EL PASO, Texas (Border Report) — Border authorities seized a record amount of the synthetic opioid fentanyl in July, most of which came through U.S. ports of entry, data released this month shows.
According to U.S. Customs and Border Protection figures, officers with the agency’s Office of Field Operations seized approximately 1,800 pounds of fentanyl in July, while U.S. Border Patrol agents who guard the vast border areas between ports of entry seized about 340 pounds.
The amount of fentanyl seized by CBP personnel had fallen for two consecutive months before spiking from 700 pounds in June to 2,100 in July.
During the first ten months of this fiscal year, which began last October, officers at border crossings seized approximately 9,000 pounds of fentanyl. Border authorities seized 10,200 pounds of the drug in all of Fiscal 2021.
According to the Drug Enforcement Administration, fentanyl is manufactured primarily in clandestine labs in Mexico.
Sold as a powder or pressed to look like pharmaceutical opioid pills, fentanyl could be 100 times stronger than morphine and 50 times more potent than heroin.
Heroin and cocaine often are laced with fentanyl, but many users usually don’t know they are purchasing fentanyl, the DEA says.
Health and law enforcement officials blame fentanyl for the significant increase in opioid overdoses in the U.S. The Centers for Disease Control and Prevention reported 31,335 overdose deaths linked to fentanyl in 2018. In 2022, more than 71,000 died from fentanyl overdoses, an increase from about 58,000 in 2021.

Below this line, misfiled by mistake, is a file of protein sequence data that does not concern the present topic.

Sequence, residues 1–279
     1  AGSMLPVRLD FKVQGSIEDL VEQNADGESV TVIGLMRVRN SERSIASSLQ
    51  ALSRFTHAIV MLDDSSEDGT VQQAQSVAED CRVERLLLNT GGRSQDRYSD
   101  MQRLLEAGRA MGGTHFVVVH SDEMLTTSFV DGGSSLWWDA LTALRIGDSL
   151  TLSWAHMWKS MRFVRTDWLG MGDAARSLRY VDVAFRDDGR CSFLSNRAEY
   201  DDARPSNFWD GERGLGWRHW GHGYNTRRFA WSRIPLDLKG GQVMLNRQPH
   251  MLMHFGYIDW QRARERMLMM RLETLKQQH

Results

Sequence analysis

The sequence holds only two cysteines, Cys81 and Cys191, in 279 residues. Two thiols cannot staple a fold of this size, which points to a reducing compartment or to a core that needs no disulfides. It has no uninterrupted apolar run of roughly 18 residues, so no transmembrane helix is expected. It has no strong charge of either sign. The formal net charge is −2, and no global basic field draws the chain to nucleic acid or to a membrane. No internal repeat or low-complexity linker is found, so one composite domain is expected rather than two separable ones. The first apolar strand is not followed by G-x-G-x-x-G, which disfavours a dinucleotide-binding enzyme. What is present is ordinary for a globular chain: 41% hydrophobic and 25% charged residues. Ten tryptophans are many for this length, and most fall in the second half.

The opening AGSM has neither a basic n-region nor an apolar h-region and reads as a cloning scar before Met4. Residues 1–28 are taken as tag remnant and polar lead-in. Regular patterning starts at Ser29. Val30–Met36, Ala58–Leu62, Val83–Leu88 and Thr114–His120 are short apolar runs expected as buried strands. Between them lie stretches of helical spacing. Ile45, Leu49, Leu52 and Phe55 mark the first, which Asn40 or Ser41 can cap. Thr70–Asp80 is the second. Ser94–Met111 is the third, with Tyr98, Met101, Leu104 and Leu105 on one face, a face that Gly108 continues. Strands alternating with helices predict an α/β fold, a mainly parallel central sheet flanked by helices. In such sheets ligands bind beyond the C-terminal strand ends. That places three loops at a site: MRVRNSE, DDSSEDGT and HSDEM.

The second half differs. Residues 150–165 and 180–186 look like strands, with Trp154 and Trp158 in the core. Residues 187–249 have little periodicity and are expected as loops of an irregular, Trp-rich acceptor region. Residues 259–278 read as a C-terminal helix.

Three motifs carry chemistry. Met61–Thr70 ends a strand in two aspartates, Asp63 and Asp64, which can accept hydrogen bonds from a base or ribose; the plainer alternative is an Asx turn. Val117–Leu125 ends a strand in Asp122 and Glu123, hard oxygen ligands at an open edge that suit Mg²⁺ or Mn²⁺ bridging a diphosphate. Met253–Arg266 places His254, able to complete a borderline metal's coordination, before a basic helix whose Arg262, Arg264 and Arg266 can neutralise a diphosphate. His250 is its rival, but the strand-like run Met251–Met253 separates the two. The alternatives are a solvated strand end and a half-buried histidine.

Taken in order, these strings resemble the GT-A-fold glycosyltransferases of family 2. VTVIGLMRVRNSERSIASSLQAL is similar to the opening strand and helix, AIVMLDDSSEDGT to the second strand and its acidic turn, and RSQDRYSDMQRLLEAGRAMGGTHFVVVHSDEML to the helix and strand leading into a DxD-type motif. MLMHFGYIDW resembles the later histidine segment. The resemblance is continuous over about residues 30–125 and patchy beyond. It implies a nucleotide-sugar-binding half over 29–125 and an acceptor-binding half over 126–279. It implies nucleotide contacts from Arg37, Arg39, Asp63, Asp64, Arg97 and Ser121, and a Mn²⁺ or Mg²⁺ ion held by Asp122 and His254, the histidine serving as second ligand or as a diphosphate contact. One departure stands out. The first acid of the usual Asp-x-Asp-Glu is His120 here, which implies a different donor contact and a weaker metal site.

Federal agents have told Border Report that synthetic drugs like fentanyl and meth are cheaper to mass-produce than many other illegal drugs.
Britton Boyd, Assistant Special Agent in Charge for the FBI in El Paso, recently told Border Report that gone are the days of drug cartels waiting long for cannabis or heroin-making opium poppies to grow. Nowadays, fentanyl labs and meth labs operate 24-7.
“Once you had the technological advances from pharmaceuticals … you now had a much more reliable supply of opioids through the synthetic markets,” Boyd said.
Marijuana seizures this fiscal year are down 55 percent. Border authorities seized 277,400 pounds of pot through July of last fiscal year but only 120,000 pounds during the same period this fiscal year.
According to CBP data, the drug with the most amount seized this fiscal year — 164,000 pounds — is khat, a flowering evergreen shrub native to East Africa and the Arabian Peninsula that the DEA says users abuse for its stimulant-like effect. They chew it like tobacco or use its dry leaves to smoke, make tea, and even sprinkle it on food.